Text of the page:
"The gang rape made headlines in our newspapers for a long time. We all are aware of the dreadful incident," said Kilian, from the Michael Drama Group, Germany, who was here to participate in the just concluded 13th Children's Festival for Performing Arts.
"We had heard and read a lot about Delhi being unsafe for women, so were a bit apprehensive. We weren't sure," he said adding that the perception changed after a few days of stay here because of the "warmth of people."
Besides Germany, 20 other countries participated in the four-day festival beginning December 5, hosted by Ryan group of institutions and included performances like musical plays, dramas, circus, workshops and puppet plays. A girls-only dance troupe from Sri Lanka, echoed the sentiments of the group from Germany.
"We had read in the news about the Nirbhaya gang-rape. We had some doubts about the city but now they are gone as people are so kind and nice," said Anjana of Vishaka School and Gitanjali Dance academy.
Performers from Morocco and Russia said even though they had "heard a little bit about women safety in the capital" they decided not to have pre-conceived notions. "It is better to see something yourself and then form a judgement about it," said Badr Zahrane, a performer from Morocco. The city's food and "driving habits of Delhiites" were the other most discussed topics in the conversation of these young performers from abroad.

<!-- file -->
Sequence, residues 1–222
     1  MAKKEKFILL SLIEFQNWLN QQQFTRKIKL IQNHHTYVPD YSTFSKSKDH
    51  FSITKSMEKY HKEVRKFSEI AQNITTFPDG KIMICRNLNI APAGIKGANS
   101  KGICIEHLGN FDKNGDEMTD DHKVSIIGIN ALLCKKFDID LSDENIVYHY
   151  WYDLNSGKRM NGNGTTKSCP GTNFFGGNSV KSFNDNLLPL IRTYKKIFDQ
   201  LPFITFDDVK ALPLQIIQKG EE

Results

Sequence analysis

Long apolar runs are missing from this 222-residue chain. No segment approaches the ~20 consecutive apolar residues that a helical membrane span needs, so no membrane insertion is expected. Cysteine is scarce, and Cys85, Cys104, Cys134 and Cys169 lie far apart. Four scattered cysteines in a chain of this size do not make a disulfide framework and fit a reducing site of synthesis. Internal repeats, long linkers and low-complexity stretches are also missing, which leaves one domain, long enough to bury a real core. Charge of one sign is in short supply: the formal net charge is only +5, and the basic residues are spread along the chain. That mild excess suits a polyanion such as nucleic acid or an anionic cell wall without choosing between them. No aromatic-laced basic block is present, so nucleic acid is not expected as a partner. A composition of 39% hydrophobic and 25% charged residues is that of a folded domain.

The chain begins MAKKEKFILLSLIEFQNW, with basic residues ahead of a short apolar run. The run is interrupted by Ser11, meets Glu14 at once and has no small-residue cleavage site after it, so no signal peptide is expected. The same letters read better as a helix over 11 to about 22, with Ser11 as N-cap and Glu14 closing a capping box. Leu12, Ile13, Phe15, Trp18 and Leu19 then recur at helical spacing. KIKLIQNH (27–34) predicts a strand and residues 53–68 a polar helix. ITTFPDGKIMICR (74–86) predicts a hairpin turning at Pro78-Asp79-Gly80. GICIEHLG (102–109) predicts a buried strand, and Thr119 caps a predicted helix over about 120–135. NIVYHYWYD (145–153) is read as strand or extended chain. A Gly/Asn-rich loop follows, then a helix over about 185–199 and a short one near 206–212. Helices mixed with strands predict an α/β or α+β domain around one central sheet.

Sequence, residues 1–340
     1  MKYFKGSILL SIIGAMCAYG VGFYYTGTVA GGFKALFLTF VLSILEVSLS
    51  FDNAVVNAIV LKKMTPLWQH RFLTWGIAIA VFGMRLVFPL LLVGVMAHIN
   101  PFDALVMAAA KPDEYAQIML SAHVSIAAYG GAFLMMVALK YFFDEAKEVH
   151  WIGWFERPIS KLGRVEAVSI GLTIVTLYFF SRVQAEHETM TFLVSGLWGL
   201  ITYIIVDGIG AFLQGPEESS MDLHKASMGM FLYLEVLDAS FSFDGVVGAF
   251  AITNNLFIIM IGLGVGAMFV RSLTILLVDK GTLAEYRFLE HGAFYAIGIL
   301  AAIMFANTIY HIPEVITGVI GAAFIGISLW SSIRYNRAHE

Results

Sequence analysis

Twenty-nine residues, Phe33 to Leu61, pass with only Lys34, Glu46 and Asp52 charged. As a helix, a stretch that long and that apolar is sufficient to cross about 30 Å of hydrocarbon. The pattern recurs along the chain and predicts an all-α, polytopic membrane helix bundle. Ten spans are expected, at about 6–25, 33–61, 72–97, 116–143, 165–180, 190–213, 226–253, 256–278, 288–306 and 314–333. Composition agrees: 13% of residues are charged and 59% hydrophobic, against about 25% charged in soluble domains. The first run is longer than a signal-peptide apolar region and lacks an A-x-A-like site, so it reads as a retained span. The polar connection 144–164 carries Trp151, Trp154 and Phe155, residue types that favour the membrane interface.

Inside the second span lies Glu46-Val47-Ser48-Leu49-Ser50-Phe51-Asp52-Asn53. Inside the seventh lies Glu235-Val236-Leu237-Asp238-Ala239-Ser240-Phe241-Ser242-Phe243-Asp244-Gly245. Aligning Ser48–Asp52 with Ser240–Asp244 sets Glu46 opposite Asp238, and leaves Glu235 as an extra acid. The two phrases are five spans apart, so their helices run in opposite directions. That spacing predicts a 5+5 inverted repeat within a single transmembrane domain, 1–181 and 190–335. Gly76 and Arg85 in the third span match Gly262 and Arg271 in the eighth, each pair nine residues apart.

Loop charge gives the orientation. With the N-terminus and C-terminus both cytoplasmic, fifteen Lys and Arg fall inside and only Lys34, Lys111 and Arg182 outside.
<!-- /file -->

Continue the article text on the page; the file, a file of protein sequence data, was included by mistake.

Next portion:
Regena, who heads the troupe from Russia and who was visiting here for the second time said, "The driving here is crazy. That's something I have never witnessed in my country. It is amusing." Some relished the "hot pepper" and other spices, whereas others got a "rude shock" on tasting the food here.
"My folks in Morocco had told me that Indian food will be spicy but I didn't know it would be to this extent that I wouldn't be able to eat at all," said Badr. Students from India bonded with their foreign counterparts. From cheering for each other's performances to playing the "perfect guide" to visitors and promising to "stay in touch", the festival was much more than just performances for participating students.